Same tea plants, same tea name, different teas! I previously compared two Tieguanyin oolongs—Modern Green Roast Grade II and Traditional Green Roast—from Life in Teacup, a company specializing in Chinese teas (see post). They kindly provided me with five Tieguanyin teas in all, so today I continued my exploration of Tieguanyin (or Tie Guan Yin; … Continue reading Comparing Tieguanyin Roasted Oolong Teas
Since teas from Vietnam are spotty as far as purity and quality go, I was excited when TeaHaus was able get the oolong Oriental Beauty. But interestingly, many things come to play with this tea—its potentially problematic name, the role of pests, the source, and of course the quality of the tea itself. Here's a … Continue reading Oriental Beauty Oolong: The Name, the Science, the Tea
Although trying a new tea is always fun, sometimes you discover more when you compare a couple of teas. Today I tried two oolongs kindly provided by Life in Teacup, a company specializing in Chinese teas. Both are Anxi Tieguanyin (or Tie Guan Yin) oolongs, one Modern Green Roast Grade II and the other Traditional … Continue reading Comparing Tieguanyin Green Oolong Teas
I recently purchased some Ya Shi Xiang oolong from Zerama Tea, figuring I should try some Dan Cong as I haven't had any. I really love the oolongs that I typically drink and haven't strayed much past them, but it was time to sample something new. Even a characteristically dry scientific article noted that Phoenix … Continue reading Finding the Best Teapot for the Tea: Ya Shi Xiang Oolong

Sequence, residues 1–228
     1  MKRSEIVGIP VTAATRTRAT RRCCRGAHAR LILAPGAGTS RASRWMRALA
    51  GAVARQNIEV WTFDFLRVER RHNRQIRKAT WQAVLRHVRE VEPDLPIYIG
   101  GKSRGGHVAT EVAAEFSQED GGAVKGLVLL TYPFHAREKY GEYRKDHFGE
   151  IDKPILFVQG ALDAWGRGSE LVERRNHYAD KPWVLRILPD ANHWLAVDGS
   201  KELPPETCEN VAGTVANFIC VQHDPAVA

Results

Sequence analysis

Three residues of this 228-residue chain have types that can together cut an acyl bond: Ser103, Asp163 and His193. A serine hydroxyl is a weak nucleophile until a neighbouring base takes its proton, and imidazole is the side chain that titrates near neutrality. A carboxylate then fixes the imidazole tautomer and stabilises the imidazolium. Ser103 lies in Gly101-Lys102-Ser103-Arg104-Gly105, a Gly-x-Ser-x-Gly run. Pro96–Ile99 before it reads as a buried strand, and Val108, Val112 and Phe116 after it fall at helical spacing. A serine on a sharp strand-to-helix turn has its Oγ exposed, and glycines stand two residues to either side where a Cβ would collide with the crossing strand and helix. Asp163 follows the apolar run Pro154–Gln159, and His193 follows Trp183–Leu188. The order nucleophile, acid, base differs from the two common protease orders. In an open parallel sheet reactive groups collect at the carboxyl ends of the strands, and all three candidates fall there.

Continuing my informal guide to selecting tea, we've come to black tea, the most oxidized of the tea types, and oolong, which falls between green and black tea in oxidation. If you've decided that the vegetal nature of green teas just is not for you, head for an oolong or black tea. Black Tea. Everyone … Continue reading New to Tea? Start Here (Part 3: Oolong and Black Tea)
Step into any tea store, in person or online, and the choices are staggering. If you're new to loose tea, the range of options can even be paralyzing. Where do you possibly begin? Added to the confusion is that although tea leaves (Camellia sinensis) are rightfully called "tea," other leaves, flowers, and even spice blends … Continue reading New to Tea? Start Here
A new teapot deserves a new tea so when my daughter brought over her latest thrift store find, an engaging porcelain teapot and cup set, we went through my stash to find a suitable tea.We settled on an unopened sample of Chinese Zhang Ping Shui Xian Oolong Tea Fragrant Orchid Grade One, produced in Fujian Province, … Continue reading Chinese Oolong Tea—Compressed into a Cube!
In this season of gift-giving, gift-giving itself can be filled with landmines. Will they like it? Will it demonstrate that I know what they like? Will it demonstrate that I have good taste? Because a gift can say as much or more about the giver than the recipient. Indeed, most, if not all, of what … Continue reading The Quality of Tea Both Shapes and Reflects Social Standing
Although few knew it at the time, a seismic shift took place when botanist Robert Fortune spirited high-quality tea plants out of China in the mid-1800s. Transplanting them into Himalayan soil, he opined that “a boon will have been conferred upon the people of India” if that country’s poor could be provided with an affordable tea, … Continue reading Nepali Teas Come into Their Own
This came quite unexpectedly in the mail last night! I had totally forgotten that I had signed up for some free tea samples from the April Tea Industry Company, or AprTea. Their name refers to the first plucking in the spring because, as their website puts it: Tea in April means “the best tea.” This Chinese … Continue reading Unexpected Free Tea Sample Fun!